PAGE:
In my previous article about the 2017 Natural Products Expo West, I covered the huge explosion of artisan bone broth makers. Bone broth wasn’t the only real food product at the Expo that filled the booths. Jerky and meat bars is another area with more companies using pastured meats and organic ingredients.
As a kid, I loved eating beef jerky. There was something inexplicably satisfying about eating this hard to chew thin strip of meat. And they had a nice flavor with their spices and seasonings. But the ones I ate were terribly unhealthy. Along with using factory farmed meat, the conventional jerky’s were filled with rancid oils, sugars, and GMO ingredients. With all the grass fed options out there now, it’s a treat that I can eat beef jerky again.
In alphabetical order are the companies I liked.
Caveman Chicken Jerky
Typically the jerky and meat bars focus on meat as opposed to poultry. And the companies that do chicken or turkey jerky usually only have one flavor. But with Caveman Foods, the bird’s the word with their various chicken jerky options.
Another jerky that I discovered at this year’s Expo was Country Archer. They go for the more traditional beef and turkey jerky’s, but with a spicier angle. Some of their flavors are sriracha, sweet jalapeno, and mango habanero.
Along with jerky, grass fed beef bars are also popping up all over the place. Beef bars are softer and often mix in fruits, vegetables, and nuts. Some of the foods that DNX mixes in with its grass fed beef are sweet potatoes, coconut, and chocolate in its different varieties.
Epic started out with its grass fed beef bars. They’ve expanded into a number of other areas over the years, including broth and animal fats. They’re now offering snack strips and bites, which are more similar to jerky.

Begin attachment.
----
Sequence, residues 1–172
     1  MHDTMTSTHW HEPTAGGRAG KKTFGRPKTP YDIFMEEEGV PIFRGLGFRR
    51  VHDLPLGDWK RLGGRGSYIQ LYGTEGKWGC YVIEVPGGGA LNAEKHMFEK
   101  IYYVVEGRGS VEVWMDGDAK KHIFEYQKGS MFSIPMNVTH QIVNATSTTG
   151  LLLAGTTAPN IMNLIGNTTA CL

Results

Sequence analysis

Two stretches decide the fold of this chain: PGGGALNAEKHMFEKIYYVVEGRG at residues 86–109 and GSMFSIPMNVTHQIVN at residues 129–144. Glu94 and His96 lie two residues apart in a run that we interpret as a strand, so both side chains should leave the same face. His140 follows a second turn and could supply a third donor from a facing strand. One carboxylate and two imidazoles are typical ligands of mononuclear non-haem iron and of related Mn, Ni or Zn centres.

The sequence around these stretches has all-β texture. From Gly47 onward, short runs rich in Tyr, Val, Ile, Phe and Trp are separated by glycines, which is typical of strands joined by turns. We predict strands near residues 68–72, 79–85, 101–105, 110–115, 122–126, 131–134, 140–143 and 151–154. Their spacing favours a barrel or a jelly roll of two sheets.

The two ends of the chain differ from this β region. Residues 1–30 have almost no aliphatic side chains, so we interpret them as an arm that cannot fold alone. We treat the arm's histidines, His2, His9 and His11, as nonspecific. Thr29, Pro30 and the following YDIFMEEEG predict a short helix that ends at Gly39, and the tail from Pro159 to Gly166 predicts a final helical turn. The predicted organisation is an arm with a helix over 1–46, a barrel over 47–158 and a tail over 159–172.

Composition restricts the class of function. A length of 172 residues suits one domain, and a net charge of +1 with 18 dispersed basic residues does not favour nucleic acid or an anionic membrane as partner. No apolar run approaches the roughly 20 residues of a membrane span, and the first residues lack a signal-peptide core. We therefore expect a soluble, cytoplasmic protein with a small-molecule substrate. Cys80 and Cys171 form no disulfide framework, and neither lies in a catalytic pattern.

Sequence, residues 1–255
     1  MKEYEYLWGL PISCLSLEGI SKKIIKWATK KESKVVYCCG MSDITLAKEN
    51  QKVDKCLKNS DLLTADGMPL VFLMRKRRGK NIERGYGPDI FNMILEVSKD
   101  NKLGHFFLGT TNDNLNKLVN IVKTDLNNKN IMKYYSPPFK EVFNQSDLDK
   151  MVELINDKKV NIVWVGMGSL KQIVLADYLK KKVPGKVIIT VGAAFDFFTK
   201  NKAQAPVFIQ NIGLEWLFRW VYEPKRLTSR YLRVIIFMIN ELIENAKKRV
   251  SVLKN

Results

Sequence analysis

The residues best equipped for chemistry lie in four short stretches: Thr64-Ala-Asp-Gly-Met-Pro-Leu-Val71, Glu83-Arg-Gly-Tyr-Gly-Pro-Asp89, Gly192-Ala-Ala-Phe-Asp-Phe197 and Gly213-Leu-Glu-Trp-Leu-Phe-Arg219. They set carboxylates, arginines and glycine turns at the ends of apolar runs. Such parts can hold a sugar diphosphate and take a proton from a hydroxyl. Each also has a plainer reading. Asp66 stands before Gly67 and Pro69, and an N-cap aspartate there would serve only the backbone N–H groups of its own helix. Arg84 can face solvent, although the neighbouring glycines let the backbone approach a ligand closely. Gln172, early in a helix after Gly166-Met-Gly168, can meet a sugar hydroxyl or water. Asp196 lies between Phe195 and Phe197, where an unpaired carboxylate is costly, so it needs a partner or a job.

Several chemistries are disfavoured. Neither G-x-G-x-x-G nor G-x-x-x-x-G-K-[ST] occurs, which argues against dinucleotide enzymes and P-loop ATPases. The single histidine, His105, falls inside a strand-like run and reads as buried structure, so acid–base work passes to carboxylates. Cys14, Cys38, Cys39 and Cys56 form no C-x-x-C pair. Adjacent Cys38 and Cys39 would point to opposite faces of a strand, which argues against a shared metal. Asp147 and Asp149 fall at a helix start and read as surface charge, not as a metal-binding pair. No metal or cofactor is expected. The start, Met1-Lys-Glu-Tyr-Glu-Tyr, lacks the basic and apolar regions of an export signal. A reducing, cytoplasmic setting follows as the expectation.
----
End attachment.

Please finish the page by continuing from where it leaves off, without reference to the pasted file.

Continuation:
Living in Los Angeles, I’ve been familiar for quite some time now with the Santa Monica based Lawless Jerky. Founder Matt Tolnick left the law practice to make grass fed beef jerky, but incorporated his legal background into the company’s catchy name and clever logo.
Organic Valley is a major player in the real food world that has been operating for almost 30 years. They’re a co-op of small sustainable farms all operating under one name. They’re known mostly for dairy, but also have an Organic Prairie line that sells pastured meats. A little over year ago, they launched their beef bar called the Mighty Bar. At the Expo, they announce their Mighty brand will soon include beef jerky.
The New Primal has been one of my favorite go-to’s at the Expo West for the past severals years. They began as beef jerky makers and now make sticks, which remind many of Slim Jims. But unlike Slim Jims, The New Primal meat sticks are healthy and sustainable. They also launched Snack Mates, which are mini versions of their beef sticks in kid-sized portions.
When I started eating pastured meats, I also began eating more gamy animals. I was delighted to learn about Pearson Ranch Jerky. They have jerky, sticks, and sausages from their family owned farm of elk, buffalo, venison, and wild boar. The farm has been around since 1959, but it wasn’t until 2011 that meat snacks became their main area.
Slant Shack began in 2009 with a recent college graduate and his friends living in a “slant shack” and having a dream making a more sustainable and healthy beef jerky. They followed with quick success, giving us tasty beef jerky in colorful packages. They also have a great sense of humor with their name and as demonstrated in the photo above.
Wild Zora is another company making bars of meat and vegetables, which founder Zora calls “a complete meal”. The vegetables they use for the different assortments, include kale, tomato, and spinach. And instead of using any sugars, Wild Zora adds fruits such as apricots and dates to give a little sweetness to their products.